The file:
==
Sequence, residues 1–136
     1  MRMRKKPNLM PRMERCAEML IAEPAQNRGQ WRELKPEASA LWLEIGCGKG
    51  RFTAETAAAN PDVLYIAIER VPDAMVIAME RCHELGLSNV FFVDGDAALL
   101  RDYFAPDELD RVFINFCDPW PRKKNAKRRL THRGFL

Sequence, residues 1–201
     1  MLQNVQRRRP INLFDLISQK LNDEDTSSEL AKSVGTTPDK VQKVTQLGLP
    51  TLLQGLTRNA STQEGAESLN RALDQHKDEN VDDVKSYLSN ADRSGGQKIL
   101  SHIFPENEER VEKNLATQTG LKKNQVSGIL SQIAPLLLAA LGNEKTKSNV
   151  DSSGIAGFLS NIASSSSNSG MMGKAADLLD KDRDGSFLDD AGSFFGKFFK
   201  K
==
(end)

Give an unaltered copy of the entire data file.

Sequence, residues 1–136
     1  MRMRKKPNLM PRMERCAEML IAEPAQNRGQ WRELKPEASA LWLEIGCGKG
    51  RFTAETAAAN PDVLYIAIER VPDAMVIAME RCHELGLSNV FFVDGDAALL
   101  RDYFAPDELD RVFINFCDPW PRKKNAKRRL THRGFL

Sequence, residues 1–201
     1  MLQNVQRRRP INLFDLISQK LNDEDTSSEL AKSVGTTPDK VQKVTQLGLP
    51  TLLQGLTRNA STQEGAESLN RALDQHKDEN VDDVKSYLSN ADRSGGQKIL
   101  SHIFPENEER VEKNLATQTG LKKNQVSGIL SQIAPLLLAA LGNEKTKSNV
   151  DSSGIAGFLS NIASSSSNSG MMGKAADLLD KDRDGSFLDD AGSFFGKFFK
   201  K